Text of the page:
vomiting, diarrhoea, dehydration, ascites, oedema, and RFI > 2 indicating renal injury were excluded from the study. Obtained results guided the division of group A into two subgroups: A1, of azotaemic dogs and A2, of non-azotaemic dogs. The results were analysed using the Statistica 13.3 programme (Tibco Software, USA). The Shapiro–Wilk W-test was used for the estimation of normality in the distributions of concentrations of urinary and serum sodium, effective ECF osmolality, urine specific gravity, and mean arterial pressure in groups A and B and subgroups A1 and A2

calculated based on a standard curve for each cytokine with the use of FindGraph software. Concentrations of C-reactive protein (CRP), haptoglobin (Hp), and pig major acute-phase protein (Pig-MAP) were determined by commercial ELISA kits, according to the manufacturers’ recommendations. The selected kits were the Pig C-Reactive Protein ELISA and Pig Haptoglobin ELISA (Life Diagnostics, Inc., USA) and the PigMAP ELISA (Acuvet Biotech S.L., Spain). Statistical analysis Data from all groups were subjected to the Shapiro–Wilk W test of normality and Levene’s test of equal

. Statistical analysis In the statistical analysis, the SPSS 22.0 (Statistical Package for the Social Sciences) was used as a measure of a central tendency to the mean (X) and the standard deviation (SD) was used as a measure of dispersion. The data were submitted to the Kolmogorov-Smirnov Z and Shapiro-Wilk W tests to check normality depending on the sample size of each group. For a comparative analysis, the Student’s t -test or one-factor ANOVA was performed with C Dunnett’s and Mann-Whitney and Kruskal-Wallis tests for variables that did not present a normal or uniform

secondary outcomes of the study included: 1) cardiac function at week 3 defined by left ventricular function and hemodynamic variables (LVEF, LVESD and LVEDD); 2) patients’ quality of life at week 4 determined from the MLHFQ scores. Statistical analysis Patients’ characteristics were tested for normal distribution using the Shapiro-Wilk W-test and the homogeneity of variance was verified by the Levene’s test. Since distributions were normal and variances were homogenous, parametric tests were selected for statistical analysis. The homogeneity of the groups (in terms of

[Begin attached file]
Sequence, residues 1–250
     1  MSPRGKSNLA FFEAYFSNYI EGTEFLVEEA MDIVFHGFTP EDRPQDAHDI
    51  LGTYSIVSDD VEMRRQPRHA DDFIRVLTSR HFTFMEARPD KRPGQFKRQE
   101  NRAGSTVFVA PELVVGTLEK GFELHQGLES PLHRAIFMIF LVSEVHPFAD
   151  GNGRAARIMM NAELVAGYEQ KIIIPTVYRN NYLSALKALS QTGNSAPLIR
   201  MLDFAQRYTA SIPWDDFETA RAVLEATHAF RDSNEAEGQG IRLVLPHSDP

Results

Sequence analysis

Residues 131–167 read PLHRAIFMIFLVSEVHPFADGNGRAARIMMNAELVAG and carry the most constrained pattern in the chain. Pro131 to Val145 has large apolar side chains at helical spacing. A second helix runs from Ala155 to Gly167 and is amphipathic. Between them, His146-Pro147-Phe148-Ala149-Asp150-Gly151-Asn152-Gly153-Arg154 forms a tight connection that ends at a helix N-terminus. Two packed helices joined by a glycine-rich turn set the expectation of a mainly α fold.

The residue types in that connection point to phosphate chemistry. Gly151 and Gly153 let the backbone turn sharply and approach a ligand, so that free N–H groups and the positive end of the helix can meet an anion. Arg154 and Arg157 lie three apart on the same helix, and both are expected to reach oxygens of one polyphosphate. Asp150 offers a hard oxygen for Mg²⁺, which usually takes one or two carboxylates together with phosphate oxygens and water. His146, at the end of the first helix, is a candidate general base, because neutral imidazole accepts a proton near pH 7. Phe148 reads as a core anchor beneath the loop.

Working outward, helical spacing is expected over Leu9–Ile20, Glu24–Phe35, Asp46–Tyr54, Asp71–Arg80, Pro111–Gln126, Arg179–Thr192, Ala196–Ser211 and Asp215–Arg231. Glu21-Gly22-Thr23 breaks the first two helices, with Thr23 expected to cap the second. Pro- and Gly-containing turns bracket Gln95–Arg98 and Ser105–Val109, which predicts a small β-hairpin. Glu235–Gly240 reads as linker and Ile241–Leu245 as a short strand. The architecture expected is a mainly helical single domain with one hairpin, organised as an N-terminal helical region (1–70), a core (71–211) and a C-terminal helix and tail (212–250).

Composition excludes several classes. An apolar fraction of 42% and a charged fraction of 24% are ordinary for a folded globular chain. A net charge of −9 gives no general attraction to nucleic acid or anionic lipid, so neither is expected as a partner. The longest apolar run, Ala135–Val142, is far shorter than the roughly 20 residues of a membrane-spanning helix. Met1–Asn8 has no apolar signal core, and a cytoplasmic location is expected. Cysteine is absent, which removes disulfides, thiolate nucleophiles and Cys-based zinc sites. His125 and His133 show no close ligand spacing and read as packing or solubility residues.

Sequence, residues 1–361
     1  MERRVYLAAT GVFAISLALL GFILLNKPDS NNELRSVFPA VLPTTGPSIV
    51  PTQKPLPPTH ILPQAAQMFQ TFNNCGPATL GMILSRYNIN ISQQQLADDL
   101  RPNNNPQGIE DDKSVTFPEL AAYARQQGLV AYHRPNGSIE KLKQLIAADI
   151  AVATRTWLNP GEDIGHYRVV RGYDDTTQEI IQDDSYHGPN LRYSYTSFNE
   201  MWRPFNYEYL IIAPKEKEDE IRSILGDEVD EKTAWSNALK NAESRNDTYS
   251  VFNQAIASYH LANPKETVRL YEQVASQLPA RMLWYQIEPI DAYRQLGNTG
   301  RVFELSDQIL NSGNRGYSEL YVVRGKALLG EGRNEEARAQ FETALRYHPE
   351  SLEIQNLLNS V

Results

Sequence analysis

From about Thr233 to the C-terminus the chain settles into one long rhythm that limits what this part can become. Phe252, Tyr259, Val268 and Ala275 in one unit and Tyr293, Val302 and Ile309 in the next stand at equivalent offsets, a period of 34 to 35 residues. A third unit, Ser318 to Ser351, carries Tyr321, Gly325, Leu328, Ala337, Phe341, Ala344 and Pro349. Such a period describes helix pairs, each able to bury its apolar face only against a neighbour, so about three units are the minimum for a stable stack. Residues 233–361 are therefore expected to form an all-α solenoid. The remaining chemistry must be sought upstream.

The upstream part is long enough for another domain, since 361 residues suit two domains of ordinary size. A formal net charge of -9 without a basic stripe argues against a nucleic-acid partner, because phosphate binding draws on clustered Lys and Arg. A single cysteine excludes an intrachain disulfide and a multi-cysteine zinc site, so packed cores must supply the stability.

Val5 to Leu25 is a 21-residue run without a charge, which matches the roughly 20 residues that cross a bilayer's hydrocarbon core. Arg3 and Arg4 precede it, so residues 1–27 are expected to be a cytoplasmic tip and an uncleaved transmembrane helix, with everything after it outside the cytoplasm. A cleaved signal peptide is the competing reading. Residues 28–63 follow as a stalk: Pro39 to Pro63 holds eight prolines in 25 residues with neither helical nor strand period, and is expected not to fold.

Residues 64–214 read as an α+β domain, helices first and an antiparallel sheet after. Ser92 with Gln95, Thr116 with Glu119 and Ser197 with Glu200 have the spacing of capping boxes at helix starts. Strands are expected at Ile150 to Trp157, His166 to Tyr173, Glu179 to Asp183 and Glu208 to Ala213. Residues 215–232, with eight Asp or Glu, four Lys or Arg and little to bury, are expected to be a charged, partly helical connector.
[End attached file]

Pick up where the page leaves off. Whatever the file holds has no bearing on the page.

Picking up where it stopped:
performed with Statistica 9 (StatSoft®). Normal probability plots with standardized residuals were performed for each parameter. The Shapiro–Wilk W test was used to check normal distribution within each group. The Levene test was used to check for homogeneity of variance. The results of DH activity, pH, NH + 4 -N content, and NO - 3 -N content were used for one-way ANOVA (p < 0.05), including Bonferroni post-hoc tests (B-test). The results of DW, SOM, DMSO reduction, AM, and PoMO were further processed with the Mann–Whitney (M-W) U test (p < 0.05) and Kruskal–Wallis (K

( {\frac{{flight{\rm{ }}time}}{2}} \right)^2}$$ where flight time was the time between the takeoff and landing. Statistical Analyses Normal distribution of the variables was tested using the Shapiro-Wilk W-test. A Student’s t- test for dependent samples was performed to compare maximal kicking velocities and CVs obtained with the dominant and non-dominant leg. In order to explore whether the kicking deficit was related to maximal kicking velocity achieved by the dominant or non-dominant leg (i.e. to test whether the players with the highest maximal kick velocity with

were drawn on non-smoothed images to increase the precision. ROI = region of interest Statistical analysis Data distribution was analyzed using the normal probability plot and Shapiro-Wilks W test. Nonnormally distributed data were analyzed with non-parametric tests and normally distributed data were analyzed with parametric tests. Statistical analysis was performed with Statistica 12 (Statsoft, Tulsa, OK, USA) software. A p value < 0.05 after correction for multiple comparisons was regarded as statistically significant. To test for differences between mean DKI